The size and configuration of the product holding puck of the present disclosure will be determined by a number of factors including, for example, the configuration, size, dimensions, weight of the product to be held by the puck, stability and positioning requirements mandated by the production line 600 in terms of product filling, labeling, application of cap or safety seal, etc., stability requirements mandated by transportation of the product along the conveyor line 602, etc. Thus, there is no “standard” configuration of the pucks. By way of example and for illustration purposes only and without limitation, a set of dimension for the puck is provided as follows: axial height of puck outer wall—3.15 in., length of puck along central longitudinal horizontal axis CLHA (including bumpers)—4.88 in., length of puck outer wall along central longitudinal horizontal axis CLHA (not including bumpers)—4.76 in., width of puck outer wall along short side horizontal axis SSHA—2.77 in., width of bumper—1.04 in., axial height of bumper 2.22 in., length of puck outer wall longer side along central longitudinal horizontal axis CLHA (not including corners)—2.65 in., and with of puck outer wall shorter side along short side horizontal axis SSHA (not including corners)—1.39 in.

As used herein, terms of orientation such as axially, radially, circumferentially, outwardly, inwardly upper, lower, forward, etc., are provided for convenience purposes and relate generally to the orientation shown in the Figures. Such orientation terms are not intended to limit the scope of the present disclosure or the claims appended hereto.

What have been described above are examples of the present disclosure/invention. It is, of course, not possible to describe every conceivable combination of components or methodologies for purposes of describing the present invention, but one of ordinary skill in the art will recognize that many further combinations and permutations of the present invention are possible. Accordingly, the present invention is intended to embrace all such alterations, modifications and variations that fall within the spirit and scope of the appended claims.

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Reference
1Six (6) pages of six (6) print outs of photographs of a product holding puck (Product No. 6137) manufactured by assignee Advantage Puck Technologies, LLC, Corry, PA 16436. These print outs are print outs of the photographs described in item two (2) listed above. Applicants' state that the product holding puck shown in the print outs is prior art to Applicants' invention.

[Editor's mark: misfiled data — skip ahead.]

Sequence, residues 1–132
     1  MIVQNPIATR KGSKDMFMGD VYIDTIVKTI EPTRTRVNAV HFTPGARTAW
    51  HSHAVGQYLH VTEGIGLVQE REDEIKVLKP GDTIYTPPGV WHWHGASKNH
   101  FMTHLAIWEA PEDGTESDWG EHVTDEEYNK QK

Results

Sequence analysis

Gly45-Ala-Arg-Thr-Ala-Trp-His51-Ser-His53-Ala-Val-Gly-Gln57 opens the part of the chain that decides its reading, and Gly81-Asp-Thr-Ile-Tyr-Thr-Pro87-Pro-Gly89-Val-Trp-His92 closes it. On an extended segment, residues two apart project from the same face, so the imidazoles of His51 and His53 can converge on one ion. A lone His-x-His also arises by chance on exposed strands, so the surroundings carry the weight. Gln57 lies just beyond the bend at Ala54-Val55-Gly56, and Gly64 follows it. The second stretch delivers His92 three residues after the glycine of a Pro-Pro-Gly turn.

2Six (6) pages of ten (12) photographs of a product holding puck (Product No. 6166) manufactured by assignee Advantage Puck Technologies, LLC, Corry, PA 16436. The product holding puck includes a total of four grommets, made of SANTOPRENE thermoplastic elastomer, rubber, or similar material, with two of the grommets inserted through two diagonally positioned openings in an outer wall of one of the short sides of the product holding puck and two of the grommets inserted through two diagonally positioned openings in the outer wall of the other of the short sides of the product hold puck. Heads of the grommets extend outwardly from the outer wall. The four (4) photographs on pp. 5 and 6 show one of the grommets removed from its respective opening in order to more clearly show the grommet and the opening. Applicants' state that the product holding puck shown in the photographs is prior art to Applicants' invention.
3Three (3) pages of six (6) photographs of a product holding puck (Product No. 6137) manufactured by assignee Advantage Puck Technologies, LLC, Corry, PA 16436. Applicants' state that the product holding puck shown in the photographs is prior art to Applicants' invention.
4Twelve (12) pages of twelve (12) print outs of photographs of a product holding puck (Product No. 6166) manufactured by assignee Advantage Puck Technologies, LLC Corry, PA 16436. These print outs are print outs of the photographs described in item one (1) listed above. Applicants' state that the product holding puck shown in the print outs is prior art to Applicants' invention.
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US8245839 *Sep 16, 2010Aug 21, 2012Ngk Insulators, Ltd.Conveyance receiver for honeycomb formed article, and conveyance apparatus and conveyance method using the conveyance receiver
US8739964 *Sep 26, 2011Jun 3, 2014Flexlink Components AbCarrier puck and conveyor system
US8794432Sep 26, 2011Aug 5, 2014Flexlink Components AbCarrier puck and conveyor system
US20100263324 *Apr 16, 2010Oct 21, 2010Klaus JendrichowskiBeverage bottling plant configured to fill already used, returned, returnable beverage bottles which includes a cleaning machine, and a cleaning machine
US20110083942 *Sep 16, 2010Apr 14, 2011Ngk Insulators, Ltd.Conveyance receiver for honeycomb formed article, and conveyance apparatus and conveyance method using the conveyance receiver
US20130180834 *Jan 16, 2013Jul 18, 2013Krones AktiengesellschaftCarrier element for articles or containers
Classifications
U.S. Classification198/803.14, 198/867.11
International ClassificationB65G13/02
Cooperative ClassificationB65G2201/0261, B65G17/002
European ClassificationB65G17/00B
Legal Events
DateCodeEventDescription
Jul 30, 2010ASAssignment
Effective date: 20100730
Owner name: ADVANTAGE PUCK TECHNOLOGIES, INC., OHIO
Free format text: ASSIGNMENT OF ASSIGNORS INTEREST;ASSIGNORS:PASKELL, KIRK, MR.;CLEEVELY, BRUCE, MR.;REEL/FRAME:024768/0600